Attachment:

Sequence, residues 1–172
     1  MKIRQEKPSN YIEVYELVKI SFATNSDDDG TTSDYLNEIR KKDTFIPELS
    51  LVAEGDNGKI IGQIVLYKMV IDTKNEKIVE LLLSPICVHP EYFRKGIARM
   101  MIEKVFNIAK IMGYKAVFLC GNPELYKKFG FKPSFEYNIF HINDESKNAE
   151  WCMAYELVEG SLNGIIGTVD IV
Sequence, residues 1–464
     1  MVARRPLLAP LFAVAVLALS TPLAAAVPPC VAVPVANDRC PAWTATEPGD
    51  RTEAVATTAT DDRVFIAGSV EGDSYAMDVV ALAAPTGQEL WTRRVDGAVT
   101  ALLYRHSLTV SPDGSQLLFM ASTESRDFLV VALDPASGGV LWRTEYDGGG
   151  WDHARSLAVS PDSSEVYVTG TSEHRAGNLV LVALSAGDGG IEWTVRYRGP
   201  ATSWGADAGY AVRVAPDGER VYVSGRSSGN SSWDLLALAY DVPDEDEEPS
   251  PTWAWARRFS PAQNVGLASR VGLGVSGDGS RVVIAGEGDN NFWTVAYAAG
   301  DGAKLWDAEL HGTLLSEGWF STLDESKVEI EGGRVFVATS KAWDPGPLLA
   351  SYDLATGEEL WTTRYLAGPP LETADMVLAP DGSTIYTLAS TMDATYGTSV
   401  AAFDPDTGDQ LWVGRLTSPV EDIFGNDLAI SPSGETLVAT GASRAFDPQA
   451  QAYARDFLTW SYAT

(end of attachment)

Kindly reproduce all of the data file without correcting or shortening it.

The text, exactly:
Sequence, residues 1–172
     1  MKIRQEKPSN YIEVYELVKI SFATNSDDDG TTSDYLNEIR KKDTFIPELS
    51  LVAEGDNGKI IGQIVLYKMV IDTKNEKIVE LLLSPICVHP EYFRKGIARM
   101  MIEKVFNIAK IMGYKAVFLC GNPELYKKFG FKPSFEYNIF HINDESKNAE
   151  WCMAYELVEG SLNGIIGTVD IV
Sequence, residues 1–464
     1  MVARRPLLAP LFAVAVLALS TPLAAAVPPC VAVPVANDRC PAWTATEPGD
    51  RTEAVATTAT DDRVFIAGSV EGDSYAMDVV ALAAPTGQEL WTRRVDGAVT
   101  ALLYRHSLTV SPDGSQLLFM ASTESRDFLV VALDPASGGV LWRTEYDGGG
   151  WDHARSLAVS PDSSEVYVTG TSEHRAGNLV LVALSAGDGG IEWTVRYRGP
   201  ATSWGADAGY AVRVAPDGER VYVSGRSSGN SSWDLLALAY DVPDEDEEPS
   251  PTWAWARRFS PAQNVGLASR VGLGVSGDGS RVVIAGEGDN NFWTVAYAAG
   301  DGAKLWDAEL HGTLLSEGWF STLDESKVEI EGGRVFVATS KAWDPGPLLA
   351  SYDLATGEEL WTTRYLAGPP LETADMVLAP DGSTIYTLAS TMDATYGTSV
   401  AAFDPDTGDQ LWVGRLTSPV EDIFGNDLAI SPSGETLVAT GASRAFDPQA
   451  QAYARDFLTW SYAT